To compare misinformation with a human virus does not make sense. Misinformation is what it is: Text with contains errors.
When people write something what is wrong or not clear, explain as much as possible in so simple possible text, what is wrong. Modify this text and explain why these modifications are made.

Reflection 1 - Fake News and the Scientific Method

The name 'Fake News' is misleading. A better name is: 'Fake Information' or 'False Information'.
When you use that definition the title of the article becomes: A psychological 'vaccine' against 'false information'

However this raises a new question: what is the purpose of this article.
IMO the purpose of this article is to explain that there exists a vaccin which when inoculated it becomes easier to detect, to know, to understand what is true or correct versus what is false or misleading.
IMO such a 'vaccin' does not exist and the whole article is in fact misleading.
The reply can be: that's not what we mean. But than you have to define what you really mean. The problem is that you are entering the area of what you can call: border line science.

The only way to understand what is right or wrong, is to study science and by performing experiments using the scientific method.
The scientific method involves that during the discussion both parties should describe as clear as possible what their opinion is and agree that they understand what the opinion their oponent is. In fact they should be able to repeat each others opinion.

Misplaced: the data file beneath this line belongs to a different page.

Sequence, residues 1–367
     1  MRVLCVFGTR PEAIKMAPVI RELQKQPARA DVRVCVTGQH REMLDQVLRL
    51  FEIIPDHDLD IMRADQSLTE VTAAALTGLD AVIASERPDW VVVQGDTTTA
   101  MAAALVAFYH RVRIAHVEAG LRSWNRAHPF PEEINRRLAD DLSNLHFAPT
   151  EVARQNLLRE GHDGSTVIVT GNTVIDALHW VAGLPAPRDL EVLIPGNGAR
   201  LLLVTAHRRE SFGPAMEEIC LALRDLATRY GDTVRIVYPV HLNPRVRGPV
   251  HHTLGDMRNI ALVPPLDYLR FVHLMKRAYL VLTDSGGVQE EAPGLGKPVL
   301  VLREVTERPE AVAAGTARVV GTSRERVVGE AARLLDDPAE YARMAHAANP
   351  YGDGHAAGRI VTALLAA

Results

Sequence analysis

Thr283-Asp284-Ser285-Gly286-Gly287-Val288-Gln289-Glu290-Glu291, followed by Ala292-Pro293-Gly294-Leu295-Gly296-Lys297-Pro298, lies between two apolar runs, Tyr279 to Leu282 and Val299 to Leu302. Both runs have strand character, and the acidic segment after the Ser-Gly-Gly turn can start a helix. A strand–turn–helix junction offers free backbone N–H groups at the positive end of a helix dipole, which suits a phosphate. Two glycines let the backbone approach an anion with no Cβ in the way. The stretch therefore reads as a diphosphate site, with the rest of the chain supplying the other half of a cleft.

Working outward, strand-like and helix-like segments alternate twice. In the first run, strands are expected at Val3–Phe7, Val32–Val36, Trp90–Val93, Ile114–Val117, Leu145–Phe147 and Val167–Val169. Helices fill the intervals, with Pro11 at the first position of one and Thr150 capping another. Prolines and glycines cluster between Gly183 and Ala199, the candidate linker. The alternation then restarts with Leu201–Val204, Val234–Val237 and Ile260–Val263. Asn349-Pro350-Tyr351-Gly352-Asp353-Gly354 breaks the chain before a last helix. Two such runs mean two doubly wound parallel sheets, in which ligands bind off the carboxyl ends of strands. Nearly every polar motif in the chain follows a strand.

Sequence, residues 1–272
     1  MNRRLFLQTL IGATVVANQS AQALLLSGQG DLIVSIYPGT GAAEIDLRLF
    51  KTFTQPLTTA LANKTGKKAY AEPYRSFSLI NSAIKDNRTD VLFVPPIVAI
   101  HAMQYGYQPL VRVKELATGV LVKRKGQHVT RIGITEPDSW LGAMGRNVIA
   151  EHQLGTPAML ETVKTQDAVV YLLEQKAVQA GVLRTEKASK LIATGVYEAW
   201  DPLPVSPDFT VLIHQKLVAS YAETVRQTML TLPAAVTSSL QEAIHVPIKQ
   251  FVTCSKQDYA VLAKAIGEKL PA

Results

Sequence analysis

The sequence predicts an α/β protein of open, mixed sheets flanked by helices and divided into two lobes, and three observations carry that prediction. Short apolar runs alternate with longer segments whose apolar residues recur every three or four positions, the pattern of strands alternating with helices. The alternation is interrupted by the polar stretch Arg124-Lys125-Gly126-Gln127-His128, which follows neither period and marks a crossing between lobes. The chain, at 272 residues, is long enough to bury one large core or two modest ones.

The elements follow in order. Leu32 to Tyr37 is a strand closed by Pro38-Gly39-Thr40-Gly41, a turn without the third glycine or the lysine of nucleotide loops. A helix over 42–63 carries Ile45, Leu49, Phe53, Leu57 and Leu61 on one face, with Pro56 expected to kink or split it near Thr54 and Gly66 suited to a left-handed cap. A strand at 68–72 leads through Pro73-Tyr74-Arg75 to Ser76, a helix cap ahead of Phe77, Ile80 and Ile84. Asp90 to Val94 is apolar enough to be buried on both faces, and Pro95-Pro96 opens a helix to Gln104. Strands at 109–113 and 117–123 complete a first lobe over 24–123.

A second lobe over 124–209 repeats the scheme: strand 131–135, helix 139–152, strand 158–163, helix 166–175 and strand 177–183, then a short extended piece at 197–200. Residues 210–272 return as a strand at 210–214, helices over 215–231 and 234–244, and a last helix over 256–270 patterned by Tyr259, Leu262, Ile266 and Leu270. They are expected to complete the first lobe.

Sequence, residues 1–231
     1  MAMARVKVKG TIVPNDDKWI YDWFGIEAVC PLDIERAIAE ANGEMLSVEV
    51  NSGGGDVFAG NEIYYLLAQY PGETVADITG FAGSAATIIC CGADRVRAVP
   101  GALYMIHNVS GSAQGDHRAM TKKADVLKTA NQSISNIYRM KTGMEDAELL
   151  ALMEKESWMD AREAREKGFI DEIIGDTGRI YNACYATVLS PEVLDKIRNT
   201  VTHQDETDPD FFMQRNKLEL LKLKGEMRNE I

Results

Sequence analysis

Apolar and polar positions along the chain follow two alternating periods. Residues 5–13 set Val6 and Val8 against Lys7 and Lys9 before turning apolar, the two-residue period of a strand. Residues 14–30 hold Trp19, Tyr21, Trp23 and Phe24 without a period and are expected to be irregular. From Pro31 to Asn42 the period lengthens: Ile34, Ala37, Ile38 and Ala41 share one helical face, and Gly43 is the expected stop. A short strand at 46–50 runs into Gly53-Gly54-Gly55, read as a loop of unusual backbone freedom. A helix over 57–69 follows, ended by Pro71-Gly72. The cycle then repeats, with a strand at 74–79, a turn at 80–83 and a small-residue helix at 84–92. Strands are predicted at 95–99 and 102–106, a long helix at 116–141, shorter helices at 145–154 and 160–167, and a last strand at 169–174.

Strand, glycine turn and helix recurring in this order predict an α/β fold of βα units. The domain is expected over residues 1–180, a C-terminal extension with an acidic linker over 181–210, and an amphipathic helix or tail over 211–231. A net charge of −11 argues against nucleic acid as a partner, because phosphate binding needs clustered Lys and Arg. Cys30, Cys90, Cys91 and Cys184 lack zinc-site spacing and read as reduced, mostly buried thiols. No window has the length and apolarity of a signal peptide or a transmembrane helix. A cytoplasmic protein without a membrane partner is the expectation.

A good way to challenge each others opinions is to try to find contradictions in someone's opinion.
A different way is to challenge, that different concepts or words used, are not clear.

Reflection 2 - Overall reflection

The overall subject in the article is misinformation.
It is wrong to inform that the use of face mask has no influence on the spread of the Corona Virus. It helps. The problem is that presently many people (not all) are vaccinated. That means the influence of face mask has deminished. That is a scientifical fact.

What does that mean related to: Inoculation theory. Does there something exists what can be called:'A Psychological Vaccine'?

For the dutch readers this link: https://www.humanistischverbond.be/kritisch-lezen/1038/immuun-voor-nepnieuws/

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Created: 1 June 2022